Portraits of Grief
At the end of a tumultuous life, Jacob dies what was once called “a good death.” Two things are granted him: the time to prepare for his death and the comfort of dying in the midst of family. In his 147th year, as his life forces ebb, he exacts a promise from Joseph not to bury him in Egypt, but in the ancestral burial ground in Hebron. He bestows on Joseph an extra portion over that of his brothers by elevating his sons, Ephraim and Menasseh, to a status equal to that of Joseph’s brothers. And he shares with each of his own sons portents of things to come, concluding with the repetition of his wish to be laid to rest in the cave of Machpelah. In short, Jacob dies unwracked by pain, with his wits about him and nothing left unsaid. The final verse of his biography conveys a sense of closure and completion: “When Jacob finished his instructions to his sons, he drew his feet into the bed and breathing his last, he was gathered to his people” (49:33).
How utterly different was the cruel fate of those who perished in the Twin Towers, the Pentagon and the hijacked planes on September 11. To its everlasting credit, The New York Times in its daily “Portraits of Grief” has been compiling the fragments of a eulogy for each individual whose life was so suddenly obliterated at the World Trade Center. Grief is compounded by the lack of preparation, by the absence of all remains. As I read these personal vignettes of largely young people bursting with zest, in pursuit of dreams and borne aloft by so many relationships, I must constantly remind myself that they are no longer. Nothing left to mitigate the anguish of their loved ones but memories that need to last a lifetime. Even the comfort afforded by rituals of mourning has been rendered elusive because of the insubstantial nature of the loss, the arduous need to establish death legally.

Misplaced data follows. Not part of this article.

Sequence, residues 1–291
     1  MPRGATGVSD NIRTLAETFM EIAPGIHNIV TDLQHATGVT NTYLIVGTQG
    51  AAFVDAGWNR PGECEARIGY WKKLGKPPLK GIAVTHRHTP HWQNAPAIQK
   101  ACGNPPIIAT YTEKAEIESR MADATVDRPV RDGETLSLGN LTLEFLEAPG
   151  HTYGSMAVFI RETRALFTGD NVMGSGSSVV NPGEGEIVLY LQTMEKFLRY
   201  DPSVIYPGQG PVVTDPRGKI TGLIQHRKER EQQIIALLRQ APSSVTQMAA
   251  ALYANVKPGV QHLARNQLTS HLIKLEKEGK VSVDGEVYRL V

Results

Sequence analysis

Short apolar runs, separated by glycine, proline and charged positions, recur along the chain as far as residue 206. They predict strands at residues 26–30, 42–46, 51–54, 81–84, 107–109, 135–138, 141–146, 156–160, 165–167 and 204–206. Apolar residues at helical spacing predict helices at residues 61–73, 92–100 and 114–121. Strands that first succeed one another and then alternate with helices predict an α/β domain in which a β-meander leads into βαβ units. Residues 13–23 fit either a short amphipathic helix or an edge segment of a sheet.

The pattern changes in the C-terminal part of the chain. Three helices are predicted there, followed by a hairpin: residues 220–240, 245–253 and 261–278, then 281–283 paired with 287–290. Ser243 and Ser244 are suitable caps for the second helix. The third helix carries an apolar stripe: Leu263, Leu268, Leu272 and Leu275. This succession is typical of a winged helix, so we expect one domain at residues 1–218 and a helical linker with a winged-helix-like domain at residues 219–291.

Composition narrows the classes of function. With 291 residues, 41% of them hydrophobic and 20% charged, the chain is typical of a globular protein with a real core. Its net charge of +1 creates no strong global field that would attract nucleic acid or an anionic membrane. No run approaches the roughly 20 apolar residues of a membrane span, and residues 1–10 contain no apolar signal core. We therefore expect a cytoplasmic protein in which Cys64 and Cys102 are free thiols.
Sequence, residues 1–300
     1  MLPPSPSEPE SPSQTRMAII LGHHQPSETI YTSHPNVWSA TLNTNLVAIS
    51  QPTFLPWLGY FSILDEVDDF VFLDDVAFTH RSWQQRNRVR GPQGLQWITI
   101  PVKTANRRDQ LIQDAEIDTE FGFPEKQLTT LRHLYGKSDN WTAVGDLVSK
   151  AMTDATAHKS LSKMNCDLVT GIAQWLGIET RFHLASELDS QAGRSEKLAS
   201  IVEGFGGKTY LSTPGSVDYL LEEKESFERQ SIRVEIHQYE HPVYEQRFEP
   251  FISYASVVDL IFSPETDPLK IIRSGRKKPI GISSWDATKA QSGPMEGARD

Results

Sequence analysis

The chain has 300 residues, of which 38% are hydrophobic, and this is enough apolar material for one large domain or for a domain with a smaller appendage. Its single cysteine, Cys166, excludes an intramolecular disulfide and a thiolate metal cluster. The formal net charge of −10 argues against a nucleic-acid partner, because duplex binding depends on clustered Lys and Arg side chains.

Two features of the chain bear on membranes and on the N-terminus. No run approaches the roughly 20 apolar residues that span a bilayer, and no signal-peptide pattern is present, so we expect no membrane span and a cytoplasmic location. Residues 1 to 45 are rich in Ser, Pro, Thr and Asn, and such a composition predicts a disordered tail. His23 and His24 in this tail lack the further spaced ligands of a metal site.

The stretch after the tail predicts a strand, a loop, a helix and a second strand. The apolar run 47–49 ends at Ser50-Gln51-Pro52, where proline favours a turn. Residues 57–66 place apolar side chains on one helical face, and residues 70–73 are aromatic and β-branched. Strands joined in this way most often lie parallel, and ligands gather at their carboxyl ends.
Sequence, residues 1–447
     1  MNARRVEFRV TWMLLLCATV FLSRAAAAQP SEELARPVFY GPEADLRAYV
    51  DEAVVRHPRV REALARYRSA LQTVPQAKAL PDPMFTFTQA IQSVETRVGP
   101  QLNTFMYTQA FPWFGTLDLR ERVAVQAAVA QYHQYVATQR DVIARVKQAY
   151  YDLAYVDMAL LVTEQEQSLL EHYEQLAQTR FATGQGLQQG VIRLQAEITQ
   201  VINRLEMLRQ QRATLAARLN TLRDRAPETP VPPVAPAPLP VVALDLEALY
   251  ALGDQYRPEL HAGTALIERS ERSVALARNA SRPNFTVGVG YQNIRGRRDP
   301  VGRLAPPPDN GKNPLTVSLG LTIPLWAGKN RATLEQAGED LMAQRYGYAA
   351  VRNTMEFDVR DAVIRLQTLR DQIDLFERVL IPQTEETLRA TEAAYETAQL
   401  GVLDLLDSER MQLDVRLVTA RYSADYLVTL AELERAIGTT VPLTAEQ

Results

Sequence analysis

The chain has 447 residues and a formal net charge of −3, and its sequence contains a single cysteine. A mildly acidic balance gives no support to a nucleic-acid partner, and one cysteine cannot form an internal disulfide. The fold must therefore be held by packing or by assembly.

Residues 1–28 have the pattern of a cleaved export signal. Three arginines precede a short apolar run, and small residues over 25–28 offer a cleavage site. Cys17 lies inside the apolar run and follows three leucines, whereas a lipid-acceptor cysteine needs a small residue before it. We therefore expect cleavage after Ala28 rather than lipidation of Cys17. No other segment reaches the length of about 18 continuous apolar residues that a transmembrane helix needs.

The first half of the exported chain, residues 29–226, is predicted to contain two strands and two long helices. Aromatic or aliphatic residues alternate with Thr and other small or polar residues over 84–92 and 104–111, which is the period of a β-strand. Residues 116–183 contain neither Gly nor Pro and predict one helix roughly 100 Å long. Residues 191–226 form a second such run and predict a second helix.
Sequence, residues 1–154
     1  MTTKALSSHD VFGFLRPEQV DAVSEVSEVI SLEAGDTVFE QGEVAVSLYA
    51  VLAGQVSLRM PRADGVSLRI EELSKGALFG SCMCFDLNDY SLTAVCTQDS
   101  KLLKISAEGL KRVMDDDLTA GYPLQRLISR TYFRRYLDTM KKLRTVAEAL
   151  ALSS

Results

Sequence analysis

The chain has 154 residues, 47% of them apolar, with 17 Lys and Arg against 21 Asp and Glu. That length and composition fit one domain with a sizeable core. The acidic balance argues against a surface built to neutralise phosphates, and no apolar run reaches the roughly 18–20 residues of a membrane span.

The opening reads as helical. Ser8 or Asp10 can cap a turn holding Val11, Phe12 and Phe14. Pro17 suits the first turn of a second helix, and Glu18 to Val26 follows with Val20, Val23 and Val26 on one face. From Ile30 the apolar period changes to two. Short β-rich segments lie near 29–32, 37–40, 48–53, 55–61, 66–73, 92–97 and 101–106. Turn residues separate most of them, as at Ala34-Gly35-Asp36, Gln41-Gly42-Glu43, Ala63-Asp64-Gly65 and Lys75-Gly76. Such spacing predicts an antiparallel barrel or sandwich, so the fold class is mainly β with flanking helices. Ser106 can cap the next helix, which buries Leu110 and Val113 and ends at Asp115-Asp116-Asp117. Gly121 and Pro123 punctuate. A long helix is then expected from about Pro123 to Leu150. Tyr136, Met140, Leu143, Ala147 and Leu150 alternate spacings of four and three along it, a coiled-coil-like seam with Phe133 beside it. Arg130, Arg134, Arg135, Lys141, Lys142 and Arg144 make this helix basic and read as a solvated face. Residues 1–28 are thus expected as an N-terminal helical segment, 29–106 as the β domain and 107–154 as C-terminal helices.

“Portraits of Grief” illuminate one of the fundamental purposes of the Jewish mourning rite of sitting Shivah. For seven days after burial of a parent, brother or sister, husband or wife or child we withdraw to the seclusion of our homes to grieve and be comforted. It is a time to gather up memories. Each relative or friend brings a fragment of the whole, an incident, comment or perspective, to help us construct a mosaic of the loved one whose death has left us bereft. The composite is fuller than what we started with. Repetition not only numbs the pain; it deepens the image. In the void, memory is summoned to stand in for presence.
Some have thought that the rite of mourning for seven days began with Jacob’s funeral procession from Egypt to Canaan. At Goren Ha-Atad just southwest of the town of Gaza, Joseph and his entourage, we are told, stopped for a period of seven days to lament Jacob’s death (50:7). Narrative appears to be the seedbed for law. But the Palestinian Talmud rejects the idea that a halakhic practice could originate before the Torah was given at Sinai (PT Moed Katan 3:5). And Maimonides in his code accepts that view. Joseph’s mourning was no more than an anticipation, not a precedent. Indeed, Maimonides says, the Torah commands us to mourn only on the day of death and burial. It was Moses rather than the Torah who instituted the legal requirement to mourn for seven days as well as to feast with the bride and groom after their wedding for a period of seven days ( Mishneh Torah, Hilkhot Avel 1:1). In other words, in halakhic parlance, both injunctions are of rabbinic rather than biblical provenance.